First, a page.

When it comes to indoor markets in London, the Leadenhall Market is at the top of the list of must-visit locations in London. This beautiful area is popular year-round, from hiding from the winter cold to the perfect spot to grab a cold beer in the summertime.
The stunning interior makes for the perfect place for your Instagram photos, as it will leave you breathless.
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There is so much history around this market that you really need to delve deep into it. That’s why this London Leadenhall Market guide is here to give you the ins and outs of the market.
It will also give you any other information you may want to know, including its fascinating history.
Once you step foot in this beautiful market in London, you will understand right away why this is one of the most popular places to go.
It is unique in the sense that the ornately designed Victorian interior, with its cobblestone streets and skylights, covers the entire market.
It is centrally located in the City of London, making it a natural meeting point for after-work social gatherings and for having out-of-office meetings over lunch.
During the day, you will also catch loads of tourists looking for a place to rest and refuel while exploring the city.
It has become a hotspot for tourists because it is a filming location in the Harry Porter movie ‘Harry Potter and the Philosopher’s Stone’. And locals for its amazing restaurants being a favourite place to grab some dinner or meet for lunch.
The market is also home to an array of quaint and trendy stores, making it a lovely place to shop in London. There are still some spectacular local butchers and artisan food stores as well – it is a market after all.
Although the market itself is technically open 24/7 for visiting, the hours of the store and vendors within will differ greatly. So, make sure that you go in a timely manner to ensure you are able to visit the places you want to.
Leadenhall is one of the oldest markets in London, dating back to the 14th century. This iconic venue was once the centre of Roman London, where it stood as a small covered market.
Since then, it has gone through many transformations and reconstructions over the centuries. It was damaged and rebuilt after the Great Fire of London into the structure we see today.
It was originally only for fishmongers and butchers selling game meat. Interestingly, not much has changed with the focus on food still being a major thing about this market.
The lease for the market, as it is known today, was acquired by the Lord Mayor in 1408, where it was turned from a private space into a commercial space.
It was given to the City of London in 1411 and is still being looked after by them to this day. The market went under a redesign in 1881 by the famous architect, Horace Jones.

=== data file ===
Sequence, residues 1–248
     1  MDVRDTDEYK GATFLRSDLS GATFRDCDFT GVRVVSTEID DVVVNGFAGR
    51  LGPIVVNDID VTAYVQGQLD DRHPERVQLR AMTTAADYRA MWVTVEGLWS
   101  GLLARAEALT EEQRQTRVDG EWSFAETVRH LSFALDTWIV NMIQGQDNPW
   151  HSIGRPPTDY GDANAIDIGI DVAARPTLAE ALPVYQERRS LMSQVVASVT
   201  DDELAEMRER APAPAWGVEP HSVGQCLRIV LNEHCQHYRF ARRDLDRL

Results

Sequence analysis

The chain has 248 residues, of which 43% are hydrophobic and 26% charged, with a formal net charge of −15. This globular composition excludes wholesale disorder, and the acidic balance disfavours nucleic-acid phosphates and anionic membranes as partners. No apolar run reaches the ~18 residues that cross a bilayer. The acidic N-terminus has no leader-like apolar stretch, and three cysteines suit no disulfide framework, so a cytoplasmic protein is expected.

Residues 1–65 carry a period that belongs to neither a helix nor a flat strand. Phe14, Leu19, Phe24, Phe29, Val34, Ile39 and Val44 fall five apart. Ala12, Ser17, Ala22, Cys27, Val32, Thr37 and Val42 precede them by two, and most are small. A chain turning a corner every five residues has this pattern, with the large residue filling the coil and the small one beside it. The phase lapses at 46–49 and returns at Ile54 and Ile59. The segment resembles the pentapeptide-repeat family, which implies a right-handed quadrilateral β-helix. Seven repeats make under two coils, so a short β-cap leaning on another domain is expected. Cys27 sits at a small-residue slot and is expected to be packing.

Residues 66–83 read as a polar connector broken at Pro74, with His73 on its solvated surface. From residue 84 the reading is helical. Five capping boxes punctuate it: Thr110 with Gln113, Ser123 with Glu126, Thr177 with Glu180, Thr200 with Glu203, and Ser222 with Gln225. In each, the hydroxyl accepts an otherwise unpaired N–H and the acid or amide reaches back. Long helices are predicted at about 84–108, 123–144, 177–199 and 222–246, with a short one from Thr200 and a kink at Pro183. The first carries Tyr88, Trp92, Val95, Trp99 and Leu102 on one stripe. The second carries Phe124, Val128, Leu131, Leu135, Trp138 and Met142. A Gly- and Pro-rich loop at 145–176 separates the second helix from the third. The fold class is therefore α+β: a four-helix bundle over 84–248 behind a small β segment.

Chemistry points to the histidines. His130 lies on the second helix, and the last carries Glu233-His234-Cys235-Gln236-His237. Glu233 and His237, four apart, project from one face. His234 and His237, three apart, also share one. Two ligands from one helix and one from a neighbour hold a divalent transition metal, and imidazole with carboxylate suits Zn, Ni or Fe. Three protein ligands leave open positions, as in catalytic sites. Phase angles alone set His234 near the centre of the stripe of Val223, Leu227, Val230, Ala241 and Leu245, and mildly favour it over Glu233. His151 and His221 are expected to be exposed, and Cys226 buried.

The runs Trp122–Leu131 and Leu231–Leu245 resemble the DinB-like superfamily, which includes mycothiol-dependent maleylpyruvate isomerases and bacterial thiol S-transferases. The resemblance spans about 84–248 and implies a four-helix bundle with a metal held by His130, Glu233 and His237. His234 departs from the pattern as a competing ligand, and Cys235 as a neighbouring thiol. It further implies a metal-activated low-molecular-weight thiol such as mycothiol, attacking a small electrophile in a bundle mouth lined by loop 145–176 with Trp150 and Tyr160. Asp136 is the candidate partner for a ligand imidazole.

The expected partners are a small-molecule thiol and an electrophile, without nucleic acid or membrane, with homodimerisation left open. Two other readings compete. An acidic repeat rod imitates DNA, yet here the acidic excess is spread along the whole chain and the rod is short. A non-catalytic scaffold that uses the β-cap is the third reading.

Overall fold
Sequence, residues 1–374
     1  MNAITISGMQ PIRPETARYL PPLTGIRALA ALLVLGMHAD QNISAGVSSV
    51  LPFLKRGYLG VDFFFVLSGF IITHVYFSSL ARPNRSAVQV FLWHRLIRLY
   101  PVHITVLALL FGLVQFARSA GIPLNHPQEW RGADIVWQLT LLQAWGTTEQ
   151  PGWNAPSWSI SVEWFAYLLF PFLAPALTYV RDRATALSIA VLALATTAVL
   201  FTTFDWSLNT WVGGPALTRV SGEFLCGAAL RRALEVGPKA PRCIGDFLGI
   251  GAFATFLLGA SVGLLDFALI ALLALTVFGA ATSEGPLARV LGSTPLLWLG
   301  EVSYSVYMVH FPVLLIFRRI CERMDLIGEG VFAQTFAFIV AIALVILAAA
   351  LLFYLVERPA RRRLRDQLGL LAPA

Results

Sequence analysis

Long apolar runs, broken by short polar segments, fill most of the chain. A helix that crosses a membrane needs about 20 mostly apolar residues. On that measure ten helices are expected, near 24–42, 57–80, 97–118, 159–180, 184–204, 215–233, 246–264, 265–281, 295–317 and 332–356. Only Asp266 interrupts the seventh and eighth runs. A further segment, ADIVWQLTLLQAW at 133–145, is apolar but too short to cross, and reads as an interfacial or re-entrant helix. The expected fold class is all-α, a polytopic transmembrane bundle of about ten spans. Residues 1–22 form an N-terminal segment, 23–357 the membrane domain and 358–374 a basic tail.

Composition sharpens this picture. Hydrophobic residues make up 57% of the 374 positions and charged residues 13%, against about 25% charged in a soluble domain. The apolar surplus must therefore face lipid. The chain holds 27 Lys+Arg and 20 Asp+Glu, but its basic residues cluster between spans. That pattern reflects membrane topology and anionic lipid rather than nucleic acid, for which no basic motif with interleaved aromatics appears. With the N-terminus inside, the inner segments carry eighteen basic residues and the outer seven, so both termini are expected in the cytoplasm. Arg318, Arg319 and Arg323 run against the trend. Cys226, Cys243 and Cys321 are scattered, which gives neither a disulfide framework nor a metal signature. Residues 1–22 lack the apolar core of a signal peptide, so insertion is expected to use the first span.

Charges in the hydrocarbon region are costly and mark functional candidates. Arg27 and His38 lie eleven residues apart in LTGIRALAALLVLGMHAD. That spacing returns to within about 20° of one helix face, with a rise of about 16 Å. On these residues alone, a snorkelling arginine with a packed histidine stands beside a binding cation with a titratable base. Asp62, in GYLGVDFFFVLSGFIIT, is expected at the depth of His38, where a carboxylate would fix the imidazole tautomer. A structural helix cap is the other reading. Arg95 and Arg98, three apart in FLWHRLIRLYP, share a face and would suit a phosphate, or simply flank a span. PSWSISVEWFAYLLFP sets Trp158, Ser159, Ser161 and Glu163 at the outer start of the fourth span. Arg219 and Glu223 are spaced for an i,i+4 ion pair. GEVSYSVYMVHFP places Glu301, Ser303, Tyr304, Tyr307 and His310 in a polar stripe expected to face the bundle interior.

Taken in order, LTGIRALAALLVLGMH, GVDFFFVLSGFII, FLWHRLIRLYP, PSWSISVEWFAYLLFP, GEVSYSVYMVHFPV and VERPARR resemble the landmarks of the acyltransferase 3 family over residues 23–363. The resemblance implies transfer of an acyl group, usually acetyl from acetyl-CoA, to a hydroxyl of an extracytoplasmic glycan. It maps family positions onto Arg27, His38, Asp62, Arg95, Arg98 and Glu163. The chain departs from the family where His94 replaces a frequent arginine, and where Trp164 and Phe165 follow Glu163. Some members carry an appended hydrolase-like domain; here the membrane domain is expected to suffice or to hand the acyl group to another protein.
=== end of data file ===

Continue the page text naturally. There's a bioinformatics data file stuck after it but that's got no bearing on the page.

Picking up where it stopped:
He added elements of glass and wrought iron instead of the more conventional stone both to the exterior and interior. What you see there today is the result of this redesign that hasn’t changed.
Thanks to its central location on Gracechurch Street, London it is actually very easy to get to Leadenhall Market. You can take the train or the underground with Monument Underground Station being the closest and only a few minute’s walk away.
Monument Station is linked to Bank Station so you can reach Leadenhall Market through the District, Circle, Central and Northern lines.
It is along various bus routes as well for anyone who wants to jump on a big red bus and make their way there.
Bus routes 48, 47, 40, 35 and 25 have the Leadenhall Market on its stops. All of these are within walking distance of the market and make it easy to reach from almost anywhere in London.
The market was a hub for selling fresh fish, meat and poultry and saw plenty of geese come through there to be sold. In an interesting turn of events, one goose managed to escape his fate by being so hard to catch.
The market workers gave up and he eventually became a resident of the market. His name was Old Tom and The Lamb Tavern was his favourite hangout spot but all the stall owners would feed him.
He became the market’s unofficial mascot and lived until he was 38 years old and is buried within the market. There are reminders of him around the market to this day. The most notable is a bar that is named after him, Old Tom’s Bar.
Although it has a clear Victorian design influence, this market had a very different look during the Roman period.
Within the Roman settlement of Londinium, the market held the Forum of Londinium and the Basilica.
It also held a civic administration centre and was a popular meeting place. The open-air square’s sides were lined with different stalls, maintaining the market within the area.
The Romans destroyed the market in 300 AD as punishment but only left officially over 200 years later.
Some of the remains were discovered during the remodelling of the market where a giant mosaic artwork was uncovered. You can find this mosaic in the British Museum today, with some of the Basilica arches being visible in the Nicholson and Griffin Barber Shop’s basement.
When it comes to food markets in London, Leadenhall is a favourite. The restaurants here take over the cobbled streets with tables aplenty and a wide variety of different cuisine to choose from.
There is something for every occasion, from award-winning pubs to fine dining and even family restaurants.